• David Dance

    Great Britain and Northern Ireland is the name of our country, The united kingdom is just the name of our political system we have.

  • Harrison Thomas LaTour

    Terra salica was a legal term used in the Salian code. It referred to land that could be passed on to male heirs alone, and could not be sold or otherwise disposed. In other words, it was not alienable. This tradition was practiced by other peoples, and was done to give prolonged stability to the family.

    Patrilineality (or agnatic kinship) is a system in which one belongs to one’s father’s lineage.[1] It generally involves the inheritance of property, names or titles.

  • Harrison Thomas LaTour

    Legal History of the Holy Roman Empire: Germanic Legal Codes, Salic Law, Vehmic Court, Early Germanic Law, Law of Thelberht, Danish Code

  • Sassy Countess

    Interesting how a monarch cannot marry a divorce because of being the head of the British Church, but Henry VIII, the man who created it, divorced many times and remarried. Also, Camilla is divorced, and Charles (also a divorce) married her. Does that mean that he cannot rule?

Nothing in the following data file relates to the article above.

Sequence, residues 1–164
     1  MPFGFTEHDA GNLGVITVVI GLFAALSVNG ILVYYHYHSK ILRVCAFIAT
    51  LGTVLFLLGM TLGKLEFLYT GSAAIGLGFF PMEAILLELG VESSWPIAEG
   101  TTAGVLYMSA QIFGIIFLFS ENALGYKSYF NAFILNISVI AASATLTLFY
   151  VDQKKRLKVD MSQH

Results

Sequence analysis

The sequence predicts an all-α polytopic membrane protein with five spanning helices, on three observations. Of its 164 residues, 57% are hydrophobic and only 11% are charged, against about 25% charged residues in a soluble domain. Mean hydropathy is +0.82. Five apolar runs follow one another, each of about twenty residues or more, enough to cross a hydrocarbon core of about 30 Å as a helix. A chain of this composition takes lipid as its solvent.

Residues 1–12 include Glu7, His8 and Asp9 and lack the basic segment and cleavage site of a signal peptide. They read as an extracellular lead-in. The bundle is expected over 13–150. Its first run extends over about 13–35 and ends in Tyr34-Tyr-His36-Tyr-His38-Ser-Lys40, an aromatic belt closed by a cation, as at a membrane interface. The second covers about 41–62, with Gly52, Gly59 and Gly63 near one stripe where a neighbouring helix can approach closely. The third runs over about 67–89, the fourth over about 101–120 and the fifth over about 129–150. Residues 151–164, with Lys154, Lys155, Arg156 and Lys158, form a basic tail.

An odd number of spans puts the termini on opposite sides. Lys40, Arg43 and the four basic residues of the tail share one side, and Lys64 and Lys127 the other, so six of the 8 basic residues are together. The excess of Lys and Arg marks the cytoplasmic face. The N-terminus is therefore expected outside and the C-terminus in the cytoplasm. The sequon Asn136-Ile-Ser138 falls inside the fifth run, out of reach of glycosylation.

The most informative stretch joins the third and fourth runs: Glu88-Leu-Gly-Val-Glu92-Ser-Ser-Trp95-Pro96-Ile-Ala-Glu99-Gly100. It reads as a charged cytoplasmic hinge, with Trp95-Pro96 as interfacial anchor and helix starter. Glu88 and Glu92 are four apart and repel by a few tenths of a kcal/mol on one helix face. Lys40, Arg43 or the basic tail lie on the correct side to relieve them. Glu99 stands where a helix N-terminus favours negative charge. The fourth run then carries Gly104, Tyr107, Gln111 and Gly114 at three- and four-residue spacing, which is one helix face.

• @RoyalCenEditor

      Royals who are divorced or marry divorcees do not lose their position in the line of succession.

      • Sassy Countess

        Thank you, then what does this mean, please? “as head of the Church of England, the King wasn’t allowed to marry Simpson because she was divorced” Can you tell me the correlation?

        • DuchessJewels

          Yes, I don’t understand. If King Edward VIII had to step down, how can Prince Charles rule?

          • Tom

            The rules were different in 1936.

            Since 2002, the Church of England has allowed divorced people to remarry in certain situations. Even the Archbishop of Canterbury was willing to bless the marriage of Charles to Camilla.

          • StarLightRose